SEO Strategy for 2013<porry, but worrying about keyword density is the least of your concerns. For starters, there’s some really compelling evidence that an optimal density doesn’t exist. According to SEOMoz, major search engines update their algorithms 500-600 times a year. While many of these changes are minor, it’s clear that you can’t base your content marketing strategy on gaming search engines, because what small business-owner has the time to tweak their inbound marketing strategy twice a day? Here are 7 more compelling reasons, facts and figures about why keyword density is so four years ago:
1. Because Matt Cutts Says So
Ever heard of Matt Cutts? If you’re blogging for better search rankings, he’s a good guy to know. As the head of the web spam team at Google, his job is to make it harder and harder each day to game search engines for a better ranking. His thoughts on optimal keyword density for blog content? “Density is not important...make writing sound natural.”
2. Because Logic Says So
How does Google stay in business and make an estimated $39.7 billion a year? By providing relevant, high-quality search results to people. 74% of plugged-in consumers go to the search engine first to pull information on products and services, instead of choosing to use YouTube, Bing or Yahoo.
Sure, it provides a nice, clean-looking interface and a really simple user experience; but the main draw is that the engine is really good at pulling relevant information in response to search queries. Google has a reputation to uphold, and it understands that people don’t want thin content stuffed with keywords. The engine has no incentive for rewarding a high keyword density, so logic says it just won’t.
3. Because Data Says So
The really smart people behind Open Algorithm, a collaboration of braniacs dedicated to applying science to SEO, completed a study on 12,000 keywords across 1.2 million web pages. Using Spearman’s Rank correlation coefficient, a nerdy way to measure how related two factors are, they looked at how keyword density, Google +1s, inbound links, and the overall rank of the homepages affected where each page landed in search:
image credit: Open Algorithm
For the unitiated or rusty, negative numbers in the graph above indicate a negative relationship. If Sam’s energy levels had a negative relationship with chamomile tea, each additional cup he drank would decrease his feelings of vitality. Turns out, a higher keyword density might actually drive lower search rankings, while +1s, good home page ranking and inbound links have a benefit. And that’s science!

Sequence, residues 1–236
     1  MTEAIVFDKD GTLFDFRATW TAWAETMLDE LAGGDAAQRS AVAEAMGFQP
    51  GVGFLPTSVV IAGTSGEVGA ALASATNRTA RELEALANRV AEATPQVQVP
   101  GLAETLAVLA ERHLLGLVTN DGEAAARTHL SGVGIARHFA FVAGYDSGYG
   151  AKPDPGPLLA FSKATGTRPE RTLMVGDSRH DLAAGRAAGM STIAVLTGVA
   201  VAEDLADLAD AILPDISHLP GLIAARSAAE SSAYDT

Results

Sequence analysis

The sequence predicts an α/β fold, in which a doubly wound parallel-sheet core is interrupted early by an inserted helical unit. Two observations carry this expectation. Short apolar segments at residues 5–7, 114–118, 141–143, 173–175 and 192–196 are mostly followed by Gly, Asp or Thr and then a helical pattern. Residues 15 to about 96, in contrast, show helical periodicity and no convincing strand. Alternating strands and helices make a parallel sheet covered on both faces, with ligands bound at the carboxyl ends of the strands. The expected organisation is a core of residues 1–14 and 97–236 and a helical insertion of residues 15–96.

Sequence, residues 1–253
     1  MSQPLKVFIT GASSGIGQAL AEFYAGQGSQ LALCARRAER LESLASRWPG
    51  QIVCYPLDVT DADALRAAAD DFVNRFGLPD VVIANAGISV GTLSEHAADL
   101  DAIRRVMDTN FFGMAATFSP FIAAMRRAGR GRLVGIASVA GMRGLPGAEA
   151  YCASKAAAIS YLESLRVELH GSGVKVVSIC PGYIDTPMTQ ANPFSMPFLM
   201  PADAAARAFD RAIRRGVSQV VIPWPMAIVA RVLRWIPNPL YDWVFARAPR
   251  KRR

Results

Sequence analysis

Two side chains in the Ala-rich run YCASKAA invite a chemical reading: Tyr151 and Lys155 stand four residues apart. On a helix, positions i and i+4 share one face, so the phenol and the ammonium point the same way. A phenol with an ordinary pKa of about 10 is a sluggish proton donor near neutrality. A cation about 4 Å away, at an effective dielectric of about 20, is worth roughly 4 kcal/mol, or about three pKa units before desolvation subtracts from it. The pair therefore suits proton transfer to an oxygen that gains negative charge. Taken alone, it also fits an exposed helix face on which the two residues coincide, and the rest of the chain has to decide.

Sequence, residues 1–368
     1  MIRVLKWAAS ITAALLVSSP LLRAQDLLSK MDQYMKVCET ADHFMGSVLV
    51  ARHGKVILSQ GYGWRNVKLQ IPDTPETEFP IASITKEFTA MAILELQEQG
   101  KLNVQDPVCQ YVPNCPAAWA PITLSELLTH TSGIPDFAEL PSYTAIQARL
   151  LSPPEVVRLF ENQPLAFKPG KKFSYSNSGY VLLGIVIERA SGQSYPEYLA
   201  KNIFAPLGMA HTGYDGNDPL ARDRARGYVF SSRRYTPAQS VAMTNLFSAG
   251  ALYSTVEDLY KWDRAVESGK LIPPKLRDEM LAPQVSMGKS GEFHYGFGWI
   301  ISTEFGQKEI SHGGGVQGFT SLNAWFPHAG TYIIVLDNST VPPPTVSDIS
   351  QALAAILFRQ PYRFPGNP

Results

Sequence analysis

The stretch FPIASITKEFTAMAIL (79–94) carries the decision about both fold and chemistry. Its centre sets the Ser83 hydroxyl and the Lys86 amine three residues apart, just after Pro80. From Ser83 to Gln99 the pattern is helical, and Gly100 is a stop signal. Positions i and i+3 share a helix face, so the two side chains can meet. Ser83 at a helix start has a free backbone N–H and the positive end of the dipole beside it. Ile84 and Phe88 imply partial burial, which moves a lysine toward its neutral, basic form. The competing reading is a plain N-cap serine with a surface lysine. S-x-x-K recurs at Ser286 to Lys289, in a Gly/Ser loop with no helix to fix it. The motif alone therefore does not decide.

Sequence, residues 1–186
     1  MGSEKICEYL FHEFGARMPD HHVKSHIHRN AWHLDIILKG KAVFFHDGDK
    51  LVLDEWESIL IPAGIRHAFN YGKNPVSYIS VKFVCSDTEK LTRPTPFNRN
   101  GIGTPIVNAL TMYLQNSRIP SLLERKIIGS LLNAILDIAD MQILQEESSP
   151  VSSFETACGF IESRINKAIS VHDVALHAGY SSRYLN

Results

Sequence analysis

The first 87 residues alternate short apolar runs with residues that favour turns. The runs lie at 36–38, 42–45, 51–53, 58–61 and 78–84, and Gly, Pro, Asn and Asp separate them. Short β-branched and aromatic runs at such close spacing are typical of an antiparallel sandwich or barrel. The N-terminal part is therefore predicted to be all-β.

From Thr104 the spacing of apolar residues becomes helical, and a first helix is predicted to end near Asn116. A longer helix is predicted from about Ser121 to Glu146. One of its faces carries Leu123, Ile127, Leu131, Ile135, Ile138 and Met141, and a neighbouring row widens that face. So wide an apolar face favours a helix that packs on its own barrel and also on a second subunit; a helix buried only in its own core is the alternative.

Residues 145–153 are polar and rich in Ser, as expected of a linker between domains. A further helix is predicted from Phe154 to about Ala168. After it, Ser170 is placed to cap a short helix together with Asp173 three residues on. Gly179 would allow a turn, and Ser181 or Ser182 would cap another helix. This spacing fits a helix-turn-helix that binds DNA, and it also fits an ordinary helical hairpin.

4. Context is Okay
Google is actually sharper than you think, and it’s continually getting more adept at the concepts of context and semantics. If your HubSpot keyword grader recommendations tool says you should try and work with “8 Tips SEO,” you don’t have to stuff it into a title. In fact, you shouldn’t because it sounds really awkward and no one will ReTweet it. You can modify that to “8 Bomb Tips on SEO for 2013,” and still have shot at ranking, thanks to the fact Google is becoming a context engine.
5. You May Be Missing the Point Entirely
Have you ever been writing a piece of blog content and decided to cite a source because they included a long tail keyword 13 times in 600 words? Highly unlikely. People link to content that’s valuable, filled with fresh statistics, and written by well-regarded authors. Social media users ReTweet content with powerful blog titles. Your primary concern should be creating a high velocity of content that answers the questions of your real-life buyer personas, not fitting the world’s most awkward keyword into the body 19 times.
6. There is No Optimal Density
I dare you to try and find content written by a recognized white hat SEO expert (like Rand Fishkin or Adam Torkildson) in the last several months about the optimal keyword density of blog content. You’re going to have a really hard time. If you extend that time period to 2008, you’ll likely get an expert telling you to shoot for 6%. That approach may or may not get you dinged by Google, but it’s more likely to ensure you won’t win any social media shares, RSS subscribers or inbound links.
7. Keywords Work Themselves Out
Possibly the most compelling reason you don’t need to worry about keyword density is that, well, keywords tend to work themselves out. Suppose you’re writing blog content around “how to adopt the fluffiest kitten from the humane society.” If you include a close variation of the keyword in your title and twice more in your body and hit publish when you reach 600 words, you’ve hit a keyword density of 0.5%, all while writing naturally. And even Matt Cutts is bound to approve!
image credit: freedigitalphotos.net/Stuart Miles